130-Foot-Wide Military Spy Drone Crashes in Sierra Nevada, Prompting Small Wildfire

A Global Hawk is shown in 2001. (Credit: USAf/Getty Images)

An unmanned military drone with a 130-foot wingspan crashed in the Sierra Nevada near Lone Pine, causing a small forest fire this week and prompting a warning to stay away from the wreckage.

The Air Force drone crashed in a remote mountain area about 1:45 p.m. Wednesday, according to a news release from Edwards Air Force Base.

The Inyo Sheriff’s Office posted this photo of the Diaz Fire on June 21, 2017.

Multiple witnesses reported seeing the aircraft go down as well as large flames and black smoke, according to the California Highway Patrol’s log. One retired deputy was on a bike ride in the nearby Alabama Hills when a stuttering engine was heard and then debris was flying through the sky, the log states.

The crash apparently started the Diaz Fire, which was reported by the Inyo National Forest to be 9 acres as of Friday. The blaze was burning at 9,000 feet between two wet drainages. Crews were working to begin containment Friday on the fire’s eastern edge, close to residential communities west of Lone Pine.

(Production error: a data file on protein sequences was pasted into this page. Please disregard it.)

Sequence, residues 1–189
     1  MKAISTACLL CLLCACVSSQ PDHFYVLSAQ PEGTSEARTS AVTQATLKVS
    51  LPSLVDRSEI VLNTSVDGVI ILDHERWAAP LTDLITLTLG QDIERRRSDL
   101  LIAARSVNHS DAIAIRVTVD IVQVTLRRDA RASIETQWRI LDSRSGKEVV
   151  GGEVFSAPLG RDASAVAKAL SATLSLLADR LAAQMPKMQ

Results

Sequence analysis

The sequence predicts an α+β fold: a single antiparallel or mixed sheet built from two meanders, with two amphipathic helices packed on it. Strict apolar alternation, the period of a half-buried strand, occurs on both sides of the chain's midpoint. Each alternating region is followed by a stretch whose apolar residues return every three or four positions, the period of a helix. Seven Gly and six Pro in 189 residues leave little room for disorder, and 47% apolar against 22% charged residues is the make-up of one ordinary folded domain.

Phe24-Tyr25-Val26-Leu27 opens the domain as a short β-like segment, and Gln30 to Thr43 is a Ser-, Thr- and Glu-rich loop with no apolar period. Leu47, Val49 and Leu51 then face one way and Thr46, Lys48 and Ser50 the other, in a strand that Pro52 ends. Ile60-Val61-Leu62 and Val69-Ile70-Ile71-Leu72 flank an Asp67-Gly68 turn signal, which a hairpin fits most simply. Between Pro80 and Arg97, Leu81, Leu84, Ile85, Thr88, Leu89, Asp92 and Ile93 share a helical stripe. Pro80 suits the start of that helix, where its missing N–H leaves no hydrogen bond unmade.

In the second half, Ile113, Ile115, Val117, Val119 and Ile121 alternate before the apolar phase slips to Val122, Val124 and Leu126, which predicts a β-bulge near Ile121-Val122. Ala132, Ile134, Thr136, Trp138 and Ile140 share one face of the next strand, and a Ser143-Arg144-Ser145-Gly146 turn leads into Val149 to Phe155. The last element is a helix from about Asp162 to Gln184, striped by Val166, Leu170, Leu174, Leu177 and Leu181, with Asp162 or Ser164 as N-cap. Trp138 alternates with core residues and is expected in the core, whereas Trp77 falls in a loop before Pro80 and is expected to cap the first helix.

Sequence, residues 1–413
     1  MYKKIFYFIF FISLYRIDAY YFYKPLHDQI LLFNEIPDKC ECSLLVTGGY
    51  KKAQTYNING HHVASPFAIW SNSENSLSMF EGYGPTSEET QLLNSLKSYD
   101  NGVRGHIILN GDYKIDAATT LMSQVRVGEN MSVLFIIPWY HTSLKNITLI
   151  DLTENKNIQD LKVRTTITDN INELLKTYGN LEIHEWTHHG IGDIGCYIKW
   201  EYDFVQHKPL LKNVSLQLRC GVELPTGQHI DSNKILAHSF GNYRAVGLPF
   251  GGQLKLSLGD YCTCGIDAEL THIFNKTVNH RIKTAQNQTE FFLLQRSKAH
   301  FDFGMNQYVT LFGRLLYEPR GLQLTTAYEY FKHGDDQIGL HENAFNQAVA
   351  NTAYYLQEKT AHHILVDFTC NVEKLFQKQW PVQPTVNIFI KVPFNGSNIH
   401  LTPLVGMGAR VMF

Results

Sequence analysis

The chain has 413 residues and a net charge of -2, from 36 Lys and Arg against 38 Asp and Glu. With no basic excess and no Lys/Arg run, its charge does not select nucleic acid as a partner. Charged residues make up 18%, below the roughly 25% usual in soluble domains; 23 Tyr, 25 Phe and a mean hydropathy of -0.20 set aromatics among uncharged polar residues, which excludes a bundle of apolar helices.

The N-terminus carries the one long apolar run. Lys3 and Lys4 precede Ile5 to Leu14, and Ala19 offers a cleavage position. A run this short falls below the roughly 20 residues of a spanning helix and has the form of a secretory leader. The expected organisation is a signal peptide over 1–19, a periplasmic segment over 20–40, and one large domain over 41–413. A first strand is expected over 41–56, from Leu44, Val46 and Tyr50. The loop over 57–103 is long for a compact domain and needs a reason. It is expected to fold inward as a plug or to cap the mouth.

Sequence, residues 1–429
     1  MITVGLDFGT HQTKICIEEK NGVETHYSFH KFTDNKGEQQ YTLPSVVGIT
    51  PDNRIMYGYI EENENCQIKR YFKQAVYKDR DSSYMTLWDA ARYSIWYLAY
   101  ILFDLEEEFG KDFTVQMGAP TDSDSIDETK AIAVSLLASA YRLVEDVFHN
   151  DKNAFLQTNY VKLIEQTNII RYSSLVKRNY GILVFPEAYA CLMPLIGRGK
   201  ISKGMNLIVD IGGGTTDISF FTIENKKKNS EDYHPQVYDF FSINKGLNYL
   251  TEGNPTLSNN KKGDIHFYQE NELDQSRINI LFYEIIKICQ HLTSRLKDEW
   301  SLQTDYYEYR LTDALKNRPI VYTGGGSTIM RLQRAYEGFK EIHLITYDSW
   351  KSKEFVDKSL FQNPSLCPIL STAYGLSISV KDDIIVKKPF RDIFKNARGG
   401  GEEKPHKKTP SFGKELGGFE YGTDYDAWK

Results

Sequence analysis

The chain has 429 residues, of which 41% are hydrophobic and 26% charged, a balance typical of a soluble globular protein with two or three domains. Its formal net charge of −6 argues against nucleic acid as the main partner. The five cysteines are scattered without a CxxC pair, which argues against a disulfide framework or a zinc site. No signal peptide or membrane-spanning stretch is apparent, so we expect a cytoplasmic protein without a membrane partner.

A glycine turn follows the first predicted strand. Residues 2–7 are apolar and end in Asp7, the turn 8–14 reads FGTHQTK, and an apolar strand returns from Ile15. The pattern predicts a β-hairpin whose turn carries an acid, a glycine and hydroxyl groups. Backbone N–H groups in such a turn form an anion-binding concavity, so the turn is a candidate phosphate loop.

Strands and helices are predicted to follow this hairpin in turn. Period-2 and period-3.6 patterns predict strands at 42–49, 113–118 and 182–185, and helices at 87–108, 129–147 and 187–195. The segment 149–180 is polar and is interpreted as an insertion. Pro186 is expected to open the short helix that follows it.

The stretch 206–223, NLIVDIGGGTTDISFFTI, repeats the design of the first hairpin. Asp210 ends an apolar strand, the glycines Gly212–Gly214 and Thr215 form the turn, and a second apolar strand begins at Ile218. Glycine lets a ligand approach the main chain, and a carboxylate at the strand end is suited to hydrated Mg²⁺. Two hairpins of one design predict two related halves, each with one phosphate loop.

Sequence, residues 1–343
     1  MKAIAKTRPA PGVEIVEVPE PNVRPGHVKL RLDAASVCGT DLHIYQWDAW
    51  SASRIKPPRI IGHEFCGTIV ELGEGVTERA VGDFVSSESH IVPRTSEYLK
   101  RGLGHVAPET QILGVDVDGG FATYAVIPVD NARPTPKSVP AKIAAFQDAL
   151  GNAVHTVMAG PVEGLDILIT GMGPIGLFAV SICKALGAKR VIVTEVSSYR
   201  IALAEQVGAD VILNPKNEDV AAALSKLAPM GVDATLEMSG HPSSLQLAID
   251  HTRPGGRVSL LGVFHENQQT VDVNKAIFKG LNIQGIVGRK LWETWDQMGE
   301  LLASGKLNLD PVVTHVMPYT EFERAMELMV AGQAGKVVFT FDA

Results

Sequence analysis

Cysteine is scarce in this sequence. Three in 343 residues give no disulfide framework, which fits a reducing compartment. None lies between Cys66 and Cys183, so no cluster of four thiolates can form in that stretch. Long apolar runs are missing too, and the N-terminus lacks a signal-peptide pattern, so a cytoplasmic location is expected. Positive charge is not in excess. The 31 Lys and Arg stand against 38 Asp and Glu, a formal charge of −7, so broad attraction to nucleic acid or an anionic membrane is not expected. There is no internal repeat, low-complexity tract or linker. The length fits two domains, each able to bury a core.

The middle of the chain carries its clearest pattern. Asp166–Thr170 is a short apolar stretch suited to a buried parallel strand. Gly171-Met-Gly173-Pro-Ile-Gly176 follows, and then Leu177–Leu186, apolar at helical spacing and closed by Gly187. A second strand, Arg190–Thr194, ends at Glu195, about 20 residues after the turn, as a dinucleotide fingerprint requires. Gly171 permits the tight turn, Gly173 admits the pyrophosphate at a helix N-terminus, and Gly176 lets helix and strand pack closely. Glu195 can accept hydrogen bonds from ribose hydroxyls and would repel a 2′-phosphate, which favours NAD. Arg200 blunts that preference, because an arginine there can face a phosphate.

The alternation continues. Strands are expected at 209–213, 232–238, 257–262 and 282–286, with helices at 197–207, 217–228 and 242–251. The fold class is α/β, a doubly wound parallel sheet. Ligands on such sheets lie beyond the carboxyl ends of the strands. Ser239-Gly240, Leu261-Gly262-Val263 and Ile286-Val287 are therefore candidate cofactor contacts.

Nearly 140 people were responding to the fire.

The Edwards statement indicated the remotely piloted aircraft that crashed was an RQ-4 Global Hawk.

The aircraft was assigned to the 9th Reconnaissance Wing at Beale Air Force Base about 40 miles north of Sacramento, and it was returning from Edwards to Beale when it crashed.

The aircraft has a 130-foot wingspan, making it the size of a small airliner, the Associated Press reported. Built by Northrop Grumman, the RQ-4 Global Hawk is a high-altitude surveillance aircraft that the Air Force has used since 2001.

The aircraft are slowly being phased out, AP reported.

The crash is under investigation, and the Air Force Base warned people to avoid the debris.